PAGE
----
All That and a Box of Rocks
MikeSelinker_120 von Mike Selinker:
Boo! It must be Samhain, which maybe you know as the night of Halloween and All Saints Day. I've just returned from the Essen Game Fair, which is the largest hobby-game convention in the world. If you've been to Origins or Gen Con, you might have thought they were big. And they are. But Essen is 180,000 people, nearly all of them there to play board games. It is a sight to behold (...)

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MikeSelinker_120 von Mike Selinker:
Boo! It must be Samhain, which maybe you know as the night of Halloween and All Saints Day. I've just returned from the Essen Game Fair, which is the largest hobby-game convention in the world. If you've been to Origins or Gen Con, you might have thought they were big. And they are. But Essen is 180,000 people, nearly all of them there to play board games. It is a sight to behold.
At Essen, I showed the Stonehenge prototype to a lot of my European game designer counterparts. Most of them thought it was quite cool, and were quite intrigued by the design team I introduced to you in my last Stonehenge diary. I picked those particular people because they're good game designers, they're my friends, and they play well with others. And also because they all were smart enough to help me figure out which anthology board game to do.
It might surprise you that we didn't start with the idea to do Stonehenge. We actually had a different idea, which Bruno tells me I can't spoil in case we pick it up for some other anthology board game in the future. It was a great idea, but we all suspected that the subject wasn't well known enough for the launch of this line. Here's what the Mystery Idea did have going for it, though:
1. It was historical. You put enough time between something and now, people are gonna come up with all sorts of reasons to like it. That contrasts with, say, a science-fiction or fantasy game, where you have to tell people why they should like it.
2. It was mysterious. (All good Mystery Ideas are.) You didn't know quite what it was used for, or how it got where it was, or what people thought of it at the time. That suggested lots of different things you could justify doing with it, because no one had a fixed idea in their head.
3. It had lots of objects associated with it. If there's lots of stuff in the environment, there's lots of things you can make into game pieces.
So if we weren't going to do the Mystery Idea, what subject could we do? We kicked around a lot of ideas, but it took a friendly little gathering at Alan Moon's to nail it down. I gathered up Richard Borg, Alan, and Überplay Entertainment publisher Jeremy Young and floated them a number of ideas for the project formerly known as "Shared Designer Box." Alan, however, made an eloquent defense of Stonehenge as an ideal first anthology board game. Here's how it stood up against the criteria I just mentioned:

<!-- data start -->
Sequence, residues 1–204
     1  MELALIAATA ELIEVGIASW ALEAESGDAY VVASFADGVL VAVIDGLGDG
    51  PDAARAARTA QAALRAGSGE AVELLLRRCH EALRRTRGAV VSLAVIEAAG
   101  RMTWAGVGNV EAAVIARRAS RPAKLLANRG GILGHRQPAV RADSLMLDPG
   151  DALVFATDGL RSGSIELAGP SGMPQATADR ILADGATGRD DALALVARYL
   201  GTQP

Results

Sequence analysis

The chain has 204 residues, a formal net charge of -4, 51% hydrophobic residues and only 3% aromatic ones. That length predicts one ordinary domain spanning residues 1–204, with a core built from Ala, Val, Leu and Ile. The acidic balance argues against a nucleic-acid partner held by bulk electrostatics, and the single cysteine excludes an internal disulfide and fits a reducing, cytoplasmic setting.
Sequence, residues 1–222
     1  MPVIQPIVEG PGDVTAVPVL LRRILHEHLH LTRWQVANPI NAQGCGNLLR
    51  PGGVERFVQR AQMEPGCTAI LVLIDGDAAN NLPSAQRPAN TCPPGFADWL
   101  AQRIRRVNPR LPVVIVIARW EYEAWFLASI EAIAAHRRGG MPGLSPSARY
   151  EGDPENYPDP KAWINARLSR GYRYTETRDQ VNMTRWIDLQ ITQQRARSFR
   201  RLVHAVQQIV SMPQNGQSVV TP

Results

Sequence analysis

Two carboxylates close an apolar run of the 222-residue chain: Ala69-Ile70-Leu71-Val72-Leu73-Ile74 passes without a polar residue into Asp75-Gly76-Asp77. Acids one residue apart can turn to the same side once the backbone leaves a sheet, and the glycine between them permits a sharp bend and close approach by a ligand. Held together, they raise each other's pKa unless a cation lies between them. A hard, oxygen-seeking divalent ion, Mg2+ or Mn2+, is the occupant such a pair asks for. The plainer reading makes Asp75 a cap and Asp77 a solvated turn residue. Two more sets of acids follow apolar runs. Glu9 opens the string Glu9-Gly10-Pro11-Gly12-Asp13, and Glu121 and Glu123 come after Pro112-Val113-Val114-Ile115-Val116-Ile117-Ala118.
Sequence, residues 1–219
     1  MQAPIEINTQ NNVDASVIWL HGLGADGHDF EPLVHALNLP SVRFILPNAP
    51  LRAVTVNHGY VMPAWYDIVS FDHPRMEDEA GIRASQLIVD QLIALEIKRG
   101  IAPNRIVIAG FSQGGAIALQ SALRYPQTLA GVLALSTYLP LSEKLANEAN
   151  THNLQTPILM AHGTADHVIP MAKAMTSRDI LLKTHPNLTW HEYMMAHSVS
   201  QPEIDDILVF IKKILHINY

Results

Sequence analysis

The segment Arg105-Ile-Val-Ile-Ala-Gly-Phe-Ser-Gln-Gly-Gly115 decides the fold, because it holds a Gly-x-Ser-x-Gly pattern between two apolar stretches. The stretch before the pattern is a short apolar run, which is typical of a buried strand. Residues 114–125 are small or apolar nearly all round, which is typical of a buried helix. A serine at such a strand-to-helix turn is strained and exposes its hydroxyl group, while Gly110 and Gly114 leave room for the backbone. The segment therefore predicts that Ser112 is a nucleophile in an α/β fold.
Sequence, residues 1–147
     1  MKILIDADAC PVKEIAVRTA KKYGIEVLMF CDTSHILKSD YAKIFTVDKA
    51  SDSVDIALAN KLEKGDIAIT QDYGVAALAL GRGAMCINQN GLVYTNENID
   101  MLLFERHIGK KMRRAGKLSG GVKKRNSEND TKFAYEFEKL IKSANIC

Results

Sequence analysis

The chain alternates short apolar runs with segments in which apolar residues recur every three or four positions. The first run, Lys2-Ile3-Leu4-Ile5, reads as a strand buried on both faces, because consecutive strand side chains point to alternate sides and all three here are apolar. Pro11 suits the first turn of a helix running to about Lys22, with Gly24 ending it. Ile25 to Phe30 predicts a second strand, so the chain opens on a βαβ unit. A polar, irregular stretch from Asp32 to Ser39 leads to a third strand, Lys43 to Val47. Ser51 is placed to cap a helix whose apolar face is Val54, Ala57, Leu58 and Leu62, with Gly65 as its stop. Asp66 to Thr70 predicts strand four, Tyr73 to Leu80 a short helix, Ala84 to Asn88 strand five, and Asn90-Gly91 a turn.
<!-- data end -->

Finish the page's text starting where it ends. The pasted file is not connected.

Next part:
1. It's about as historical as you can get. In fact, it's prehistorical, as nobody with a written language was anywhere near it while it was being built. There are postholes at the site that date from 8000 BC. (Eight thousand. To put that in perspective, that's about the first time that blond hair showed up.) The real work at the site began around 3100 BC, though, with the first ditch and a circle of wooden posts in holes. Some standing stones were added around 2600 BC, and the giant sarsen stones in the familiar three-stone trilithon arrangment arrived between 2400 and 2100 BC. (Just to put that in perspective, Stonehenge was complete before anyone on Earth had drank a cup of tea.)
2. It's super-mysterious. About the only things we know for certain about Stonehenge is that it's about 8 miles north of Salisbury, and it has a lot of rocks. Who built it? Hard to say. Why'd they build it? Ditto. If you had to list the top 10 mysterious structures in the world, you'd be spending all your time ranking the bottom nine. Even in the cases of the pyramids and the Sphinx, you know exactly what those colossi were used for. With Stonehenge, you've got any of the following possibilities:
• It's a channeling device.
• It's a giant clock.
• It's a druidic sacrifice site.
• It's a marketplace.
• It's an astronomical observatory.
• It's a chariot racetrack.
• It's a UFO landing platform.
• It's Merlin's personal magical lab.
3. Actually, that's just the tip of the iceberg. Stonehenge has more origin stories than rocks.
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4. But it does have a whole lot of rocks. According to the so-called "Restored Plan" (which I think is right, but not everyone does), Stonehenge has about a hundred small stones, 60 large stones, and 15 really large stones. Some are round, some are tall, and some are stacked on top of each other. This makes for a wonderful piece pack for a game.
And in the next column, I'll tell you about what's in that piece pack. Have a happy Samhain.
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